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DROWNING hospitalisations increase dramatically

Water Safety New Zealand (WSNZ) today released drowning statistics for the months of July and August (fatal) and Hospitalisation (non-fatal) data.  The statistics are at odds with one another, as fatal data reveals a continuation of lower than normal drowning incidents through 2010 to date.  Non-fatal data indicates a rising trend which is worrying for water safety professionals.
 
WSNZ has expressed concern in recent years at the smokescreen provided by a declining annual drowning toll.  Research indicates that the swim and survival skill levels of New Zealand children are rapidly declining.  WSNZ believes that New Zealanders should take note, and that a nation of children without swim and survival skills will lead to a significantly increased drowning toll in future years. 
 
Matt Claridge, WSNZ General Manager, comments “the rises in hospitalisations are a significant issue.  Drowning is a terrible way to die.  Worse still are some of the outcomes as a result of surviving an incident best compared to suffocation.  The cost of treatment and rehabilitation is excessive, not to mention the social cost also.”
 
Claridge states: “the areas of note are Recreational Swimming and Accidental Immersion incidents.  Both combined, contribute to nearly half of all hospitalisations.  It is of real concern when we have 111 hospitalisations in 2003 compared with 155 in 2009. It would be unfortunate if the reductions in deaths are offset by increases in people being admitted to hospital with serious and ongoing health issues such as costly brain injuries resulting from non fatal drowning incidents.”
 
“Simply put, it is not appropriate for people to be in and around the water if you do not have swim and survival skills. Swimming contributes to an average of 44 New Zealanders ending up in hospital every year because they nearly drowned.”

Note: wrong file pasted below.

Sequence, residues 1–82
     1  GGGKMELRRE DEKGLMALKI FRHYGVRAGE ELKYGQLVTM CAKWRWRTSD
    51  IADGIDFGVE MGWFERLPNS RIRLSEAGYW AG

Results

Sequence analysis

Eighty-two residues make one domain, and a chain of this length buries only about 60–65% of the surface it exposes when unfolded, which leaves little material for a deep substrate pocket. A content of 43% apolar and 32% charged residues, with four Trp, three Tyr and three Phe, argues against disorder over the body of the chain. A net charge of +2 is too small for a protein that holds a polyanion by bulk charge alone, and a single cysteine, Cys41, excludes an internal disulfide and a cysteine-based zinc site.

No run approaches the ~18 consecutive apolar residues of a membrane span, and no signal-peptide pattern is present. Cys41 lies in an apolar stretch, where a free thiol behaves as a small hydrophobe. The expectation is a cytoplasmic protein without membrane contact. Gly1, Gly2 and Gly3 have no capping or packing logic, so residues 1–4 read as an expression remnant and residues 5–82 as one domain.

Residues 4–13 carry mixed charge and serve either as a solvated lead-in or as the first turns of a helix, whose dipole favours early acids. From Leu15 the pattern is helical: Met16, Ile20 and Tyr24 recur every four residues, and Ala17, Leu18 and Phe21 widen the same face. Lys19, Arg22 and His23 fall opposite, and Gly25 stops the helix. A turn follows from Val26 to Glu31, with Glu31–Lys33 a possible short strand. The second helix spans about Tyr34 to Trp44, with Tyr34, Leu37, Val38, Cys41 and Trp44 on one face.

There were three fatal drowning incidents in each of the months of July and August.  At the end of the month of August there had been 54 drowning deaths compared with the five year average for the same month period (2005-2009) which is 68.
 
The statistics highlight a dramatic decrease in the drowning of Maori which currently stand at seven compared to a five year average of 16 (2005-2009) for the first eight months of the year. Also of note is the reduction in deaths attributed to accidental immersions. There have been six accidental immersion drowning incidents in 2010 which is well down when compared against the five year average of 19 (2005-2009) from January through to August.
 
Claridge concludes, “A fundamental change in attitude needs to occur in New Zealand regarding children learning swim and survival skills.  Provision must be made to support large scale initiatives like Swim For Life, that actually make a difference in communities in New Zealand.  Swim For Life is a partnership based project that will support more children learn swim and survival skills in New Zealand.”
 
 

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